At market on Friday, one of the stands had pokeweed shoots right next to the asparagas. It never surprises me to see bags of nicely cleaned dandelion greens, but this is the first time I've seen poke. It shouldn't surprise me, since older folks around here like their wild greens, but it just wasn't there before that I can recall. Now if they carry Jerusalem Artichokes next fall, we'll be in business!
The following is from The Forager's Field Guide, from Billy Joe Tatum
Pokeweed phytolacca americana
"In fact, the poke plant contains phytolaccic acid in the leaves, roots, and stalks as well as the berries; there ismore in the roots and the red outer skin of the mature stalks than in the mature leaves. Until the flower head forms, the young shoots and the leaves are a fine pot green. The acid is easily removed from the greens by parboiling them, then cooking them in fresh water. I also prefer to parboil the young shoots. If all the colored skin is peeled off - and easy operation, as it stirps off readily - it is not necessary to parboil poke stalks.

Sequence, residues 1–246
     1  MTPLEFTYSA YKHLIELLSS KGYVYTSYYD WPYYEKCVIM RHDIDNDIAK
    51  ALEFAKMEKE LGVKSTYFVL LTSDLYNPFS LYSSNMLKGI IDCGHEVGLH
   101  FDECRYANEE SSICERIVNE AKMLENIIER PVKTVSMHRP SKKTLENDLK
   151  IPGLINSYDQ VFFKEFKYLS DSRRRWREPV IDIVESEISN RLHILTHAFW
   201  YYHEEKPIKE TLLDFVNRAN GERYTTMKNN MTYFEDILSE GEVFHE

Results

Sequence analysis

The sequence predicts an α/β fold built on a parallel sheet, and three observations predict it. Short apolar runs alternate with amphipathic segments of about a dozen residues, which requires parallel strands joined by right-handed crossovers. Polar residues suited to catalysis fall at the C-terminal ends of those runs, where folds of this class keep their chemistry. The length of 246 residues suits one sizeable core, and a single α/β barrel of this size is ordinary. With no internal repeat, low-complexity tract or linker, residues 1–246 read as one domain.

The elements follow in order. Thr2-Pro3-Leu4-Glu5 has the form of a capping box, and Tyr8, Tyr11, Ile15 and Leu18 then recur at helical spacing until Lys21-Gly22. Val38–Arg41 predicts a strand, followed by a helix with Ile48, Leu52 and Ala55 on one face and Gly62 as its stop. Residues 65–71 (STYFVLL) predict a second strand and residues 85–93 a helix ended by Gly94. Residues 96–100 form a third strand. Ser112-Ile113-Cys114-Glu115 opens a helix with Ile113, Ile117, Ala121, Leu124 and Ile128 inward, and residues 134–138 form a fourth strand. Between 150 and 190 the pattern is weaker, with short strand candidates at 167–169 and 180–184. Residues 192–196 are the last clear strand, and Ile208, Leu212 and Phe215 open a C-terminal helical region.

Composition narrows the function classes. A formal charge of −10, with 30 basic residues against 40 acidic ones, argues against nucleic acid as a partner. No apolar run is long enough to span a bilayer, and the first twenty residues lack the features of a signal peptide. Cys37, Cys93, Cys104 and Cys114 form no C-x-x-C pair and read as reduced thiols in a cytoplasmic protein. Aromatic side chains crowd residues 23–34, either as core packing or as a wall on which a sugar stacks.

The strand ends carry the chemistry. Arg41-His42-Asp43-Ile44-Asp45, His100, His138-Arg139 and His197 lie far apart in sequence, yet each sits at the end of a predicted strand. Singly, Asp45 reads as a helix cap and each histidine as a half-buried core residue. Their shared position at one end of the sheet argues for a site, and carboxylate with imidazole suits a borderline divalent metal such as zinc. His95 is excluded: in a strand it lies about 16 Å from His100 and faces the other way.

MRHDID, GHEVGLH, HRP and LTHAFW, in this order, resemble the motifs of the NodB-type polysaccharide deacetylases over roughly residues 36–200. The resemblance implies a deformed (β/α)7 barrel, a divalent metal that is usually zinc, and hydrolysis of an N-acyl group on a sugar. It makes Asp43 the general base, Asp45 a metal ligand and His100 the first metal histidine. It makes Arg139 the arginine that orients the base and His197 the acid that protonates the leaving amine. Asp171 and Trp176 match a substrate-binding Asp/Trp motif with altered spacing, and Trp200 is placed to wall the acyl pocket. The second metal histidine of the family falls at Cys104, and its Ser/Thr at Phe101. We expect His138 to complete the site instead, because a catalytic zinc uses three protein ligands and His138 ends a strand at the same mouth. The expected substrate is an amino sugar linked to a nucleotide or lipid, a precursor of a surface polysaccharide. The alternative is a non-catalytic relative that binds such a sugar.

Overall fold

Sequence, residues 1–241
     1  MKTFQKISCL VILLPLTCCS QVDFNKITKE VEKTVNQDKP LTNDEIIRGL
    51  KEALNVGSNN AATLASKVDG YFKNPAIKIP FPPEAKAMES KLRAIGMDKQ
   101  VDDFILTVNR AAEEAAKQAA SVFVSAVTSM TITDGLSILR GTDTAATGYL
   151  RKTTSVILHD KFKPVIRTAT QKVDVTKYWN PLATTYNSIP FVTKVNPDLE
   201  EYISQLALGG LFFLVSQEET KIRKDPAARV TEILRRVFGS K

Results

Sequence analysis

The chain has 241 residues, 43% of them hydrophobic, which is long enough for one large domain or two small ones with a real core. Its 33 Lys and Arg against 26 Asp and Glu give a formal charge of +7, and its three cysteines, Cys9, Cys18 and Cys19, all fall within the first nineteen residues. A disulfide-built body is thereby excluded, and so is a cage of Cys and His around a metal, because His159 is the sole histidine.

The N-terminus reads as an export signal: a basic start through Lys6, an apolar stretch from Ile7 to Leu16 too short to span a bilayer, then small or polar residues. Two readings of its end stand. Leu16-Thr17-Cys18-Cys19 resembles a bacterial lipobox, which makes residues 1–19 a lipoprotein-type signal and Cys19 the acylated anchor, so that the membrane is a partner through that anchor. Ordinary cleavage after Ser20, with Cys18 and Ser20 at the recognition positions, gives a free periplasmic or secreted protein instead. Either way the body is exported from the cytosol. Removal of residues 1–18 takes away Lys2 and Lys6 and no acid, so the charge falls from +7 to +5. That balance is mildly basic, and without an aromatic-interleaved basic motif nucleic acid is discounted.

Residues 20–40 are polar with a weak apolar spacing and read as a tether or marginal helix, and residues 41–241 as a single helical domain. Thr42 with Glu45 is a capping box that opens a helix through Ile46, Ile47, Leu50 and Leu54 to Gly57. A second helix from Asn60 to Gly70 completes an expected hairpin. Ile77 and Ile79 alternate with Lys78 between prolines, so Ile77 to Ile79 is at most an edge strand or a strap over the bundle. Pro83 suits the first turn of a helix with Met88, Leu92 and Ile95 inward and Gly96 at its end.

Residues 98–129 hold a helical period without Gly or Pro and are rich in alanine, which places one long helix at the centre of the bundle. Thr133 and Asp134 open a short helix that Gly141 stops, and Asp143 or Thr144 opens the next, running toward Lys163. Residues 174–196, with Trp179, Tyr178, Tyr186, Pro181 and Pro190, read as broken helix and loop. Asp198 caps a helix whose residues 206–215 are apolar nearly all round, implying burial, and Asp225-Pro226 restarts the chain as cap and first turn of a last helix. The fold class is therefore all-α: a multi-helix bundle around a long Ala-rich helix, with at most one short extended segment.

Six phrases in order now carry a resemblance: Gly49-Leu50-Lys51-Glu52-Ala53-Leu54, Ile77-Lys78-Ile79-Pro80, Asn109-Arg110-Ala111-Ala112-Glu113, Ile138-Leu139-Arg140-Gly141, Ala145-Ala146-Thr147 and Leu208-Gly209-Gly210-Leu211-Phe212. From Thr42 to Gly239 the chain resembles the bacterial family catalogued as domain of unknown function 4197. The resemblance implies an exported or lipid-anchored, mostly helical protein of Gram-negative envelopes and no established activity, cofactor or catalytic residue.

Poke is not only a widely distributed plant but a large one, so there is no shortage of green vegetables when it can be located. If you are new to foraging for poke, look for last year's stiff and broken stalks, then watch for the new young sprouts to appear at their bases. If you pick often and break back the fast-growing plant, you can assure yourself of a crop that often continues into summer. It's not unusual to have another fresh crop of sprouts in the fall, too."